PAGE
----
It’s been over a decade since Russell Howard became one of the nation’s most renowned comedians, with his TV series Good News and his stand-up shows putting a signature hopeful twist on the bleakest of news. In light of his brand new stand-up show Respite and an upcoming Manchester Arena tour date, I spoke to Russell about what Respite means to him at this point in his career.
C: What exactly are you trying to “make sense of” within Respite?
R: The main thing I’ve figured out is my obsession with the news and why it only shows us at our worst or most banal… but I also find it funny. So that’s the main thing I’m trying to figure out – why I’ve fallen out of love with humanity. I think a lot of it is the fact that you view people through social media. That isn’t us – that’s us pretending to be somebody.
C: Considering how a significant proportion of your work has involved topical comedy, engaging with news outlets, and the social media platforms where information first breaks or is discussed, what’s made you take a step back from social media?
R: The honest truth is that I have a job where I can go on stage every night and show the world my thoughts when they are finished. If I were to tweet every idea for a joke I had… [he laughs] I’m quite old in the way that I really like going to comedy clubs with a piece of paper and just trying stuff out. I want to prepare a three-course meal rather than throw sweets.
Aside from his ‘old-school’ methods, we spoke about the developments between his early career and current television work with Sky. Far from his early gigs touring student unions, he now has an epic team behind his Sky show that makes him feel “like the frontman of a band: I kind of co-write all the songs, but I feel a responsibility to make it as good as I possibly can for all the people who put this effort in.”
R: In the last tour, there was quite a big bit about how 1 in 4 women aged 16-25 self-harm. It properly upset me, I just couldn’t get my head around it. So I ended up – just because I was obsessed with it – talking about it on stage and trying to understand it and make it passionate and funny.
C: Seeing as we’re on the topic of shocking statistics, I read that you’ve written material about knife crime in this show for the first time. Why now and why for Respite?
R: I met a guy called Mark Prince who runs a charity that talks to young people who are at risk of joining gangs. His son was killed as a result of knife crime, and these young men and women really respect and understand him.
He uses what they did in Glasgow (which used to be the murder capital in Europe) by looking at these young people as victims caught in a cycle of violence, rather than as offenders. A lot of the comedy in my show is about the absurd ways that government is trying to solve this violence.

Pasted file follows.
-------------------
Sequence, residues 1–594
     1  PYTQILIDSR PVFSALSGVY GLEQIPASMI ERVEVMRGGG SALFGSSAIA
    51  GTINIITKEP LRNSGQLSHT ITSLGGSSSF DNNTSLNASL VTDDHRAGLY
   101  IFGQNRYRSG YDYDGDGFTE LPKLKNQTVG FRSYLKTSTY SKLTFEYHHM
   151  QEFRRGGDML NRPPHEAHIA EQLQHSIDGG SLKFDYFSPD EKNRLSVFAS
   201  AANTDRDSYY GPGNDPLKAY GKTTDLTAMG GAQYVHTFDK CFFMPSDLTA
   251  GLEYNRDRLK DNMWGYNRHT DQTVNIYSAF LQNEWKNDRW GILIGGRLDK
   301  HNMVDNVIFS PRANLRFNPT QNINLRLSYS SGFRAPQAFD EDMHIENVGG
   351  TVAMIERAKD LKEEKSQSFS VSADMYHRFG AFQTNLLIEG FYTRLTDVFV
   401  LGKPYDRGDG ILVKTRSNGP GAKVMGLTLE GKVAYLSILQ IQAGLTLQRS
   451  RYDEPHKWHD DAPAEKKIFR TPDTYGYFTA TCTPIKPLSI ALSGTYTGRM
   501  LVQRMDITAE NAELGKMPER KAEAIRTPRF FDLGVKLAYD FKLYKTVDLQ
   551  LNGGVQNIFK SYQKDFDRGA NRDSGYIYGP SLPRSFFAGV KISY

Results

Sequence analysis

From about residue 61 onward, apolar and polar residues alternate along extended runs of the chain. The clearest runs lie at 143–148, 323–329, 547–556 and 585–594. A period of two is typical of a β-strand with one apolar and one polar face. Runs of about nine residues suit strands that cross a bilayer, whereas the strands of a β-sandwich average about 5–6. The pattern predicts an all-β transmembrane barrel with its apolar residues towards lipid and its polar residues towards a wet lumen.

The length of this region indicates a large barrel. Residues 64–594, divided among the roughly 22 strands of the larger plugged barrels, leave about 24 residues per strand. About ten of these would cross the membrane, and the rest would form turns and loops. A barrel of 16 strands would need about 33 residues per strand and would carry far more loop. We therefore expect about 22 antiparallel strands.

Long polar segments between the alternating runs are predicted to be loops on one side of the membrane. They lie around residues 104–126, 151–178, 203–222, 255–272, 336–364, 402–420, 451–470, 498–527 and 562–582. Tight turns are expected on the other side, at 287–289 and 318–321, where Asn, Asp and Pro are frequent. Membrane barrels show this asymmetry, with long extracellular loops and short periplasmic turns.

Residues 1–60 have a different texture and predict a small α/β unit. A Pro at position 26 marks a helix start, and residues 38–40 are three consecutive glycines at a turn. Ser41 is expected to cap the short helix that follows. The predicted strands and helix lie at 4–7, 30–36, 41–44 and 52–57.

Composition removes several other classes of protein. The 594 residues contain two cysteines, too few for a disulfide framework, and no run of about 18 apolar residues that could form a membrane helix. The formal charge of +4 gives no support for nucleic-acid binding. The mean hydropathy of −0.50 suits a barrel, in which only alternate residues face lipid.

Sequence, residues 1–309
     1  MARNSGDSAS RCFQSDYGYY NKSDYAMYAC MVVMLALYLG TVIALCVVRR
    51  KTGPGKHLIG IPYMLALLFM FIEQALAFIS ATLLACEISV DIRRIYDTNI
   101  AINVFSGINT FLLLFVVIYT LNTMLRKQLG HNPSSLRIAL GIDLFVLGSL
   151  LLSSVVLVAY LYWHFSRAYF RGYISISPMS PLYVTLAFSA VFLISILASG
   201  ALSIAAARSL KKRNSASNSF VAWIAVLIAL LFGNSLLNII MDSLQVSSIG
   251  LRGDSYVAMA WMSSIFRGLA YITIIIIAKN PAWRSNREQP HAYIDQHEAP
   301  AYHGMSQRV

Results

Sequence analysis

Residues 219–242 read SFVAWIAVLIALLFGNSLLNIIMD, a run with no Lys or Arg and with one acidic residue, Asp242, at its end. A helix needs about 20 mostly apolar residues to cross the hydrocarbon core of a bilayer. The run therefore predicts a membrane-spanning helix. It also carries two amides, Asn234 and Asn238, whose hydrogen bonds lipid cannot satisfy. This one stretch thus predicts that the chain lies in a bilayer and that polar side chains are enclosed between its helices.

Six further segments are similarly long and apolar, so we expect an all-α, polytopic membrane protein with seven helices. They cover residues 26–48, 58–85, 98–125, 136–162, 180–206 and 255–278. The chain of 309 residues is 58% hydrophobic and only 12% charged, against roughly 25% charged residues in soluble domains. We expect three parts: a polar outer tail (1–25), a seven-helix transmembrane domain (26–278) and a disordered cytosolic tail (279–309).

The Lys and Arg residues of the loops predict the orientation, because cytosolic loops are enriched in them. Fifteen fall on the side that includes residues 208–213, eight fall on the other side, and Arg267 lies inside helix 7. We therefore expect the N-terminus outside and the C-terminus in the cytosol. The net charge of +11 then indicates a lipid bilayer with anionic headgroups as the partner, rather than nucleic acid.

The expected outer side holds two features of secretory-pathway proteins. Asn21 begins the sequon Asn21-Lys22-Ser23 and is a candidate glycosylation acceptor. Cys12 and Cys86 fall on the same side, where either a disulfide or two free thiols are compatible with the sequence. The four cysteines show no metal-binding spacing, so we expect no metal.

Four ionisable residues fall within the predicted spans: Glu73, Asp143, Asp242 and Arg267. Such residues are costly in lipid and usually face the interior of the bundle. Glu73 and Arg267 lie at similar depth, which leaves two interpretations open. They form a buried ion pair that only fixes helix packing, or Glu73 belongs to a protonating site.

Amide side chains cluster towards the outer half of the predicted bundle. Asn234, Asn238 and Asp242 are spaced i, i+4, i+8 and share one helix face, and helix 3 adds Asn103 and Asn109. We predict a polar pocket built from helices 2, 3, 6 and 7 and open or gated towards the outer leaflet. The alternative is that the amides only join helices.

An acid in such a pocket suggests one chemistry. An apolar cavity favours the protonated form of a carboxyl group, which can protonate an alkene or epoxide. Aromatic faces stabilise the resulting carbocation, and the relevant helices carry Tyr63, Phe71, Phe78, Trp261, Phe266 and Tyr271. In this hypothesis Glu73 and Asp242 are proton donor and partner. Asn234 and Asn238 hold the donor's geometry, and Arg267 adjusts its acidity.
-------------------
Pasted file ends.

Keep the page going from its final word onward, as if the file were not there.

There was an MP called Christopher Chope who said “maybe young people wouldn’t get stabbed if they were fitter” which is an extraordinary thing to say. This was the same week that people were losing their minds over the Game of Thrones ending because it didn’t go how they wanted it to. We’re so obsessed with our little worlds that we get angry at things sometimes that we shouldn’t; like how the dragon programme didn’t end how the dragon programme should have ended.
C: Listening to you describe what Respite means to you reminds me of one of my dad’s sayings, which roughly translates to “you’re better off laughing than crying about it”.
R: That’s exactly what it is; laughter is fucking vital. It’s like a socially acceptable orgasm when you get that slightly-snotty deep laughter and end up revealing your true giggle. [Stand up] is one of the few places where you can zone out and everybody’s kind of in the moment, albeit listening to one mad dictator at the top… that’s why it’s called Respite, because laughter is life’s lube.
C: I’d like to take you back to being 26 years old and nominated for the Perrier prize, which you’ve previously described as being the breakthrough moment of your career. Can you still remember what your ambitions were at that point in your career, before becoming a household name?
R: The funny thing is that it’s kind of the same as it’s always been. I’m just obsessed with making the perfect hour-long comedy show. Like ‘Here and Now’ by Richard Pryor or ‘Arizona Bay’ by Bill Hicks… you just want to get that. That was my ambition then – to get the best show, and it still is.
C: Considering how transformative this last decade alone has been for you and how Respite itself is about the changes we are taking on as a society… In your dreams, what will the next 10 years look like?
R: This beautiful mechanism called social media has allowed everyone to be directed towards what they’re angry about… it’ll be interesting to see in ten years time what’s allowed on social media and the way in which it’ll be running elections and changing lives.
C: It’s definitely a tool for unity, but perhaps we haven’t quite figured out how to unite in the best way.
R: I think you’re completely right… We need young people to understand it, because they’re the experts in using social media to tell people how they feel. When you look at Goop, Kim Kardashian or influencers… ‘pretty’ people have figured out how to monetise vulnerability more so than ever, in order to convince teenagers to give them money. It would be great for that to get sorted out.
I really hope – forget about comedy – I really hope that, sooner or later, politicians make a real effort to connect with us. I’d love a left-wing ‘Farage’ who doesn’t give a fuck to blitz through and try to reconnect people, like back in the 2012 Olympics when there was such a togetherness.